I think I must have seen this match about 20 times.
One of the wrestlers definitely knows what he’s doing. He’s giving the other directions, doing a great job of guiding him through some of the more complicated moves. And then there’s me. The other guy. The guy who just ate a suplex for the first time. The guy who’s making all the mistakes, and whose shorts are probably a bit too tight. Although let’s be fair, it’s only a practice match, and it’s the first time I actually put some of the moves I’ve learned together. Still, even with that in mind, the mistakes are glaring, and I can’t stop seeing them. It’s something I’ve always done; I don’t really give myself a chance, I want to get it perfectly right the first time. That’s held me back from so much.
Up until very recently, most of the choices I made professionally were based on this idea: I’ve got to get it right the first time. It’s what made me choose the wrong college degree, and what made me choose the wrong university degree twice. It led me to a safe job that I stayed in way past the expiration date. I never allowed myself to make mistakes. And on the rare occasion that I did, I was more focused on what people thought of my mistakes, rather than what they could have taught me. It’s a weird mental bug that, best case scenario, makes you choose the safe option. Worst case scenario, it completely paralyzes you. It took a long time, and a lot of influential people, for me to see there was an alternative. It wasn’t until I actually started networking, until I started saying “yes” more often, that I saw people who proved me wrong. I met people whom I found to be incredibly successful; they had their own businesses and were living well, which is what I thought I wanted. While I attached myself to them, trying to learn the most that I could, I saw them make mistakes. I even saw things happen that were beyond their control, which could have floored most people. They just picked themselves up, dusted off and kept going. It took several months of it happening before I learned the real lesson. Success doesn’t mean getting it right every time. It means getting it wrong the right way. How many times did I hear that in school? “Learn from your mistakes”. I should probably mention that I rarely actually reworked a rough draft before handing it in.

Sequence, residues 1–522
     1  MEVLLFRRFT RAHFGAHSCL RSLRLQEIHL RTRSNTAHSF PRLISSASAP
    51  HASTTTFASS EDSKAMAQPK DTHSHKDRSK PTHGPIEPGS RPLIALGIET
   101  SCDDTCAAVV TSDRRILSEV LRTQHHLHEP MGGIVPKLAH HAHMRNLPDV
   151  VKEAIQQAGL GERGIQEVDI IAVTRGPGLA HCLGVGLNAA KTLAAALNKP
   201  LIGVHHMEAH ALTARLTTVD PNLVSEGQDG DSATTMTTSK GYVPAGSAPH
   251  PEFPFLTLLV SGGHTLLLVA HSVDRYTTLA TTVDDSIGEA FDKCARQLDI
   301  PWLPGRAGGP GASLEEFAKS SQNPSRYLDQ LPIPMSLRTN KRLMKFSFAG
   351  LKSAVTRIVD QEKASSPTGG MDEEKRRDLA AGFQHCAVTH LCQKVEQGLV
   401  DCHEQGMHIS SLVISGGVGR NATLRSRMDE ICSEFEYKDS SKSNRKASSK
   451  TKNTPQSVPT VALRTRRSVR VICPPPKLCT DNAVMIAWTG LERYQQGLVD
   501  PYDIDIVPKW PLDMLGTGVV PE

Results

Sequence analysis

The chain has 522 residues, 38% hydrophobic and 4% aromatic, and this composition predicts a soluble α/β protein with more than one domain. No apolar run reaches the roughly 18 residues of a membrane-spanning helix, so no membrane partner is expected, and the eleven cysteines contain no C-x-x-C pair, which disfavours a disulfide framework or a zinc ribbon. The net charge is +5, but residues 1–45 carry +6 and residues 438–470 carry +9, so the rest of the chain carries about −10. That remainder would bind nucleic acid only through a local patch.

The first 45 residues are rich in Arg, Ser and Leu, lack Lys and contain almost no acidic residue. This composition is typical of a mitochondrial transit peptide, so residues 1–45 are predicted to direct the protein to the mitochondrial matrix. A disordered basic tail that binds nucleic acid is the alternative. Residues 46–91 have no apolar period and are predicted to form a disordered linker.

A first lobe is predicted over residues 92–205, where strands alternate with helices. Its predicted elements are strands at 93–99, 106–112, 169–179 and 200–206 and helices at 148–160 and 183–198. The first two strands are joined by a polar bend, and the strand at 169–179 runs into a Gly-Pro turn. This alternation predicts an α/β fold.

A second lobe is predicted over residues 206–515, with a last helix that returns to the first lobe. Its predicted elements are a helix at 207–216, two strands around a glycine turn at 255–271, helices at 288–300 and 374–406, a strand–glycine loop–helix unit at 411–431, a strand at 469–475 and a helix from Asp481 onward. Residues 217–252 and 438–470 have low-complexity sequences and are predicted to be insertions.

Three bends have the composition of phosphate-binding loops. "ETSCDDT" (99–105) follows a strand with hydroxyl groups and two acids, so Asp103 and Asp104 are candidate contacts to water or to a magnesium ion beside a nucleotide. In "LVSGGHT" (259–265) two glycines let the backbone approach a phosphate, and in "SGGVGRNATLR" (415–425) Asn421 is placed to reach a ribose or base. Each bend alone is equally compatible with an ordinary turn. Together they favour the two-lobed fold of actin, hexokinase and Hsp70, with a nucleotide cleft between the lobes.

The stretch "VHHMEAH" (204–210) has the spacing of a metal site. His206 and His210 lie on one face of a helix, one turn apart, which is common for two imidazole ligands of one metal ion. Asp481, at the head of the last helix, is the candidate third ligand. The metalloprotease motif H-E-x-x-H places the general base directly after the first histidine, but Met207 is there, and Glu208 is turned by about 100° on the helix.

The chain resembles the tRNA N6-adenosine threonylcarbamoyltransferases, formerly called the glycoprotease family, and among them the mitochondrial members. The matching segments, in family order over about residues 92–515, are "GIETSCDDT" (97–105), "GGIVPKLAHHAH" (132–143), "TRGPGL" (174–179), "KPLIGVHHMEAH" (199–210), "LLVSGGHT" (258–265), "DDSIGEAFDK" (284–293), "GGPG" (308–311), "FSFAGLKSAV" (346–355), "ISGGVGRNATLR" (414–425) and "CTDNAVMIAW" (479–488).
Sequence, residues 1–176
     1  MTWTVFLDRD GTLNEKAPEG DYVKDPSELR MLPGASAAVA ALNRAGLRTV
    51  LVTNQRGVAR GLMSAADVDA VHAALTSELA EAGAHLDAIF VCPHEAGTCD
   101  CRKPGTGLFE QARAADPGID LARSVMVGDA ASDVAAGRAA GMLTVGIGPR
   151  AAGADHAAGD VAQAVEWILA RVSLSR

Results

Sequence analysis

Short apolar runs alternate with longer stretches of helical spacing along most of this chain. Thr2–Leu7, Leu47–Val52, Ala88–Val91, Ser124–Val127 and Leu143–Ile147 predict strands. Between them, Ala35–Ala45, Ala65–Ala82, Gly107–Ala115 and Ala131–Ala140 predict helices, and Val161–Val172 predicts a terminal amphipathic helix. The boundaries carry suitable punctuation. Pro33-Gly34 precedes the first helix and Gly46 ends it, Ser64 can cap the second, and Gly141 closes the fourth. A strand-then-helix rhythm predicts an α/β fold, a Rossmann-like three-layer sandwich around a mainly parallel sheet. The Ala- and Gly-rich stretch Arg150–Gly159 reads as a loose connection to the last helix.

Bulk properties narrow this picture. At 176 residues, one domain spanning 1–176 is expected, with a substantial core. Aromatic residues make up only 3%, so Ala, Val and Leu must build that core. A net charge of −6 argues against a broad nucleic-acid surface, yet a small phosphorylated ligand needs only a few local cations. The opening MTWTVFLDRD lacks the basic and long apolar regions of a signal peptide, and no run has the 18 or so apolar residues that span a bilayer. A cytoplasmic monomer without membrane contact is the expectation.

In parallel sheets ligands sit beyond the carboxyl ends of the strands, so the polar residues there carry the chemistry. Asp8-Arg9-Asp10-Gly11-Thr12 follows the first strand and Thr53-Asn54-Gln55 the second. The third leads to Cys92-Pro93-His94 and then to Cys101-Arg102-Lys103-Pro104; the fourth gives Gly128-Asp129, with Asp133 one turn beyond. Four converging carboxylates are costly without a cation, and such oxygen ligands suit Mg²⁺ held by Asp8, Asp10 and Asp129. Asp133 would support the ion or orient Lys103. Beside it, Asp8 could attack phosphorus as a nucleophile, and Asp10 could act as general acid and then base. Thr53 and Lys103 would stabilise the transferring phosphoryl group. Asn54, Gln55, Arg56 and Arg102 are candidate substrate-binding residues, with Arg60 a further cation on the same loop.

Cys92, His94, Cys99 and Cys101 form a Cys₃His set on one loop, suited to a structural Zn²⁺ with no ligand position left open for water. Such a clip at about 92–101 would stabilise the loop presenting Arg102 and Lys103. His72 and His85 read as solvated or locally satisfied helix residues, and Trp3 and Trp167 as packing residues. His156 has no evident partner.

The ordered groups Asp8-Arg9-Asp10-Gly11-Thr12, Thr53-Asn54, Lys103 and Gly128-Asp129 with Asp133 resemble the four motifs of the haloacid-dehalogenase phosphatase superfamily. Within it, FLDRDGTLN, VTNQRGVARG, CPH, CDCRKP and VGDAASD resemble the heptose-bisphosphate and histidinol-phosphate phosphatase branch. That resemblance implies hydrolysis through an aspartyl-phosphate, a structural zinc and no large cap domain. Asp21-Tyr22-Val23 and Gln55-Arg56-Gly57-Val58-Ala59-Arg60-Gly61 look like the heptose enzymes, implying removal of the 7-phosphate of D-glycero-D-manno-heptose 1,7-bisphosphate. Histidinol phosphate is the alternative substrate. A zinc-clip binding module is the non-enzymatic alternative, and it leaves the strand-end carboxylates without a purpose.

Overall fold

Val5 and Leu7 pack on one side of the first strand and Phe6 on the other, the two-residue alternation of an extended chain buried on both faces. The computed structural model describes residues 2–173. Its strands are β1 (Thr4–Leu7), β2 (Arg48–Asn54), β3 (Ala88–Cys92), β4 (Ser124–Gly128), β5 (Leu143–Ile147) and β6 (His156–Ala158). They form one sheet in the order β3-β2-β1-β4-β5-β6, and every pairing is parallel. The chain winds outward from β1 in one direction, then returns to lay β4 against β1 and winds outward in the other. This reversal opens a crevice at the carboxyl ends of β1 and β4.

It was about this time last year that things started to shift. It’d been three months since I quit my safe job, and I was still waiting for a startup to hire me. They’d asked me, point blank, how much I wanted yearly. “50k” was what came to mind when trying to think of a large figure (I’d made maaaybe 18k the previous year). I was getting an “executive” position as a content manager. I had no idea what that was, but I was ready to learn whatever it took for the money. Because they decided I was worth 50k. Now it was three months later, and I’d yet to be hired (spoiler alert, it’s now a year later and I’m as close to getting hired by them as I was then). I was pretty comfortable, since I’d saved up quite a bit from my safe job. I wasn’t aware of how many mistakes I’d make that year, how badly things would get shaken up. Looking back at it now, I know it all had to happen so I’d be on friendlier terms with them and the mistakes to come. The irony was, even if it was a big “risk” (as my brain kept telling me when I tried to explain the decision to my coworkers), it was nowhere near the risks I’d take over the next year.
So now I’m watching this match for the 21st time, and I see all the mistakes. But all I feel is certainty; now I know what I’m working on next week.